The brisket shall be sliced on a meat slicer set at 1/8 inch (3.0 mm). Serve 2.8 to 3.5 oz (80-100 g) of sliced brisket with add one ounce (30 g) of hickory smoke flavored barbecue sauce. "
Links to original recipe at NASA:
NASA - Special American Meal Planned for Final Space Shuttle Crew
That's a lot of oregano, but that's good by me, I'll have to give it a try. It's only a smidge different than what I put together for the smoking class I took at the Midwest BBQ Institute.
I think just about any good rub has mostly the same ingredients at about the same ratios. Just the way it works out.
I've come to like Penzey's BBQ 3000. I may sometimes play around a bit with it, but it's a good basic mix. I LOVE their SATE and SINGAPORE mixes for chicken and certain other things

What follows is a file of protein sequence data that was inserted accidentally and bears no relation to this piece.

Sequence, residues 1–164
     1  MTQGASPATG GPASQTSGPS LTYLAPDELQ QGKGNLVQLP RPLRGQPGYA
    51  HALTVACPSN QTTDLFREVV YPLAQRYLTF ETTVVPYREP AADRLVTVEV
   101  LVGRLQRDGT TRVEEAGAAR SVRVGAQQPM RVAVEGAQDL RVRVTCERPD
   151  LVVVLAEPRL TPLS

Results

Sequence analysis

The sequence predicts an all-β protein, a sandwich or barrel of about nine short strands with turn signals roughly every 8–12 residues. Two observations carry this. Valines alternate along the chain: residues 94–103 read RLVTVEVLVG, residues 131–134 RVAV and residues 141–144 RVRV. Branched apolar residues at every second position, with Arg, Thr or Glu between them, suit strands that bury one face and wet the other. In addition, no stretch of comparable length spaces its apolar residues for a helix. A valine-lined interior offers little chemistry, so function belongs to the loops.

I don't use many of the ready to use rubs, but i do use Johnnys seasoning salt as a main part of almost all of mine.
For the Penzey's rubs, about 2 oz. works well to cover a large, full, 6-8 lb. rack of pork ribs. The Penzeys BBQ 3000 is very good. Their Arizona Dreaming is excellent and may become my rub of choice. The Bangkok blend work good with baked chicken, and in a Thai style chicken soup. I still have to see how it works as a bbq rub.
re: c oliver
I think the cost is comparable if your were to buy the raw spices from Penzy's or The Spice House and replicate the mix - you could buy less expensive spices and that would make it cheaper -
I do apply a liberal amount of rub when I smoke - you shoudl be able to see the rub on the meat -
I agree with Veggo and others who like the Rendezvous "Famous Seasoning" Memphis dry rub.